Sure, no prob.
To be able to loop on the different sheets, then we have to know all of their labels.
This can be done by reading the excel document with ODBC and then calling SQLTABLES.
The connection requires to specify the path of the excel document which I'm putting in variable vTargetPath (used also in the load statement).
You can add an "exit script" after the disconnect, reload and check the tableviewer (ctrl+t) to actually see the content of the created table.
Now that we have all the labels in a table, and since our sheets all have same structure, we only have to write a load statement once within a for..next and provide the sheet label in a variable instead of it being hardcoded, and the data will be concatenated automatically.
So in each iteration i, vSheet will contain the sheet label in the correct format (without the $, that's what the PurgeChar function does, it removes the characters that we specify, here it's the $).
To read the sheet label from the table, I use the peek function for which you provide the field name (TABLE_NAME), the index (i, so 0 is the first row, 1 the second, and so on) and the table from which we're reading (sheets that we loaded previously).
Now in this case, we also have to create a date from the sheet label that is formatted as MMMYY.
So I use the Date# function to provide the input format then the Date function with the needed output format (omit the output format and it takes it from the environment variable DateFormat specified at the very start of the script).
Actually it'll directly be treated as a start of month, so we can omit the MonthStart function in this case.
The Floor function removes the time part in a date (like DayStart function) and stores the value as a number (for example 41832 for July 12, 2014).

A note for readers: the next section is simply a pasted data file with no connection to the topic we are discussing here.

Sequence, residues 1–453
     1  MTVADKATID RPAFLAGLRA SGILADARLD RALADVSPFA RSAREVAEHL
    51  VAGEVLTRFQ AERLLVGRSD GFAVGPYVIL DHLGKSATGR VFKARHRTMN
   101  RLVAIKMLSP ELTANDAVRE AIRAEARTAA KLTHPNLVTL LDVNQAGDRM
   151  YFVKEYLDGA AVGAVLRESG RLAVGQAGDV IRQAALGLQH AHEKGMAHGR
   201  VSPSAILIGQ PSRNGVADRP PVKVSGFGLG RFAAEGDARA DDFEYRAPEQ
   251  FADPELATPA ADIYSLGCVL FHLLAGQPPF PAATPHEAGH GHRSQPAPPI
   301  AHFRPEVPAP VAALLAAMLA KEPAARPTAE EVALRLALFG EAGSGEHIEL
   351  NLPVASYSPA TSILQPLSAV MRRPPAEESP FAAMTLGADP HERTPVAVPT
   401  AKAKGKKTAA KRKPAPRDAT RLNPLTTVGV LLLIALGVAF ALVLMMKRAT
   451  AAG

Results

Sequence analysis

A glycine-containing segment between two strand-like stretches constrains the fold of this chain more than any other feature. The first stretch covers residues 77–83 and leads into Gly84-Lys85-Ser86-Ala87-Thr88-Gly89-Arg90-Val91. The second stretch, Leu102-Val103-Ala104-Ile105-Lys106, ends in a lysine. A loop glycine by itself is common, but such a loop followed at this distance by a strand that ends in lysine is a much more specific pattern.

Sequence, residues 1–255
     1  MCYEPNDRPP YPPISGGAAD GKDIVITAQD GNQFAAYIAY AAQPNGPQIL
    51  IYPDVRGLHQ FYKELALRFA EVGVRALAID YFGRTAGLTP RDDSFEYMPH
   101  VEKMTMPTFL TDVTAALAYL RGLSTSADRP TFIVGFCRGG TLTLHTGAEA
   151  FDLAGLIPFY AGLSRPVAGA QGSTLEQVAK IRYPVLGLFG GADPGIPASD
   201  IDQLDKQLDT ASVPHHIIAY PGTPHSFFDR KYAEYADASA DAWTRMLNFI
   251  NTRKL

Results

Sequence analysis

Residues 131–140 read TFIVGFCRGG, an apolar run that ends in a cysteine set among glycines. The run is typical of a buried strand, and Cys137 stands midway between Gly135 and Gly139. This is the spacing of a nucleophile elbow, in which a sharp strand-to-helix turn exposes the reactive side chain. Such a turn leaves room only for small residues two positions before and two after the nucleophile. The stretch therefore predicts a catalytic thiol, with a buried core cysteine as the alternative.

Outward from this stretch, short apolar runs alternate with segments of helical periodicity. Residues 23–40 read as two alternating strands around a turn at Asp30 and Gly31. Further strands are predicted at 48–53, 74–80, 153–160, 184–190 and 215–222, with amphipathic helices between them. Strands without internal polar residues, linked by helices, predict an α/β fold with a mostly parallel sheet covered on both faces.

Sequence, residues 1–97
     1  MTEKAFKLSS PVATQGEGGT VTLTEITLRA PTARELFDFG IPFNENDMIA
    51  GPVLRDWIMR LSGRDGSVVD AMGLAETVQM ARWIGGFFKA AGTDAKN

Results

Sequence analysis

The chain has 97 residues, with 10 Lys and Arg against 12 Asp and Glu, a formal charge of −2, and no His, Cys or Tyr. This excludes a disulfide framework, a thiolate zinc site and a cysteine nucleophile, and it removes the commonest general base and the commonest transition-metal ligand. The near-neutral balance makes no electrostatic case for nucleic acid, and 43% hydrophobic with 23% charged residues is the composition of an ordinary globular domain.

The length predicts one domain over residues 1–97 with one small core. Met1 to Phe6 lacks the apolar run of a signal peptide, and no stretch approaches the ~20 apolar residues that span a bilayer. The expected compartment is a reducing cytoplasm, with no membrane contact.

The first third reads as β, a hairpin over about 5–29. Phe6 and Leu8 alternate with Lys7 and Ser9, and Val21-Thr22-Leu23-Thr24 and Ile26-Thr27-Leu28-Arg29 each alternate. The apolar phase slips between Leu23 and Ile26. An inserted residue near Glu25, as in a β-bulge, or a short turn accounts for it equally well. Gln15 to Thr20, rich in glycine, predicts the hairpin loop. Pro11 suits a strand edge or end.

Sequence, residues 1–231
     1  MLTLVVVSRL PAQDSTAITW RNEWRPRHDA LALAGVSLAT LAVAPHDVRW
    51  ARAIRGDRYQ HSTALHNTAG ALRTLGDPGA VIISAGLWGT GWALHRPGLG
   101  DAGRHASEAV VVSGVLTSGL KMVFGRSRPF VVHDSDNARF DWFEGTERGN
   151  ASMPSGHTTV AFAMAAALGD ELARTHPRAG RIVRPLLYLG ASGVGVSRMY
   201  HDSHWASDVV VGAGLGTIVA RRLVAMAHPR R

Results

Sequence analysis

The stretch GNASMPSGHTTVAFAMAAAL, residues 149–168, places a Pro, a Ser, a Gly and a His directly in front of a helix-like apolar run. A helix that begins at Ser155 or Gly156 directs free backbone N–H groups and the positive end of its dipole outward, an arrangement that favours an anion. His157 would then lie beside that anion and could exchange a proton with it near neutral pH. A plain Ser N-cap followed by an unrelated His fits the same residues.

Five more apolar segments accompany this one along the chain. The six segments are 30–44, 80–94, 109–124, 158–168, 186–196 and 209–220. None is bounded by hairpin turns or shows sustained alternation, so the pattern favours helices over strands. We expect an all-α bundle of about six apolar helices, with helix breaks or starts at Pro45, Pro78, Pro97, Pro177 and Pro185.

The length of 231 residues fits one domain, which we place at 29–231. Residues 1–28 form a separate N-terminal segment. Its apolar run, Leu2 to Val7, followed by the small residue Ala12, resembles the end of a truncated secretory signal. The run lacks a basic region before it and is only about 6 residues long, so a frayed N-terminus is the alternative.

I personally always use it for storing dates as their format can be adjusted later on the UI and this saves from handling formats within expressions.
But you can omit this too if you want the values to appear as dates directly, in which case you just need to:
- redefine vDate as: let vDate = Date(Date#('$(vSheet)', 'MMMYY'));
- surround the $(vDate) in the load with single quotes like this '$(vDate)'.
The Load part is normal, in which we put our fields created from vDate (year, month, date) and the ones from excel (*).
vSheet and vDate are adjusted dynamically on each iteration.
Hope this clarified the steps.
If you feel something's still not clear and you need further detail, let me know.
If you mean the $ that we are purging with PurgeChar, you can check the values of field TABLE_NAME, you'll see that you have Dec13$, Jan14$, Feb14$.
If we load the excel sheet with vSheet having those values, an error is raised.
In a normal load from an excel (without using a variable), you can notice that the sheet name is Dec13.
So what we do is to provide same naming to the variable by removing the $.
Otherwise if you mean the $ before the variable, it replaces it with its value (dollar sign expansion).
If it should be considered as string/characters, we surround it with single quotes.
Within the load statement, if we don't put $, vDate will be considered as a field name and an error is raised.
If you omitted the floor function in vDate (so you have it as Date(...)), its value would be 1/12/2013, in which case we should add the single quotes.
This can be a bit tricky, so I suggest you also check the below:
- search for "dollar sign expansion" in qlikview help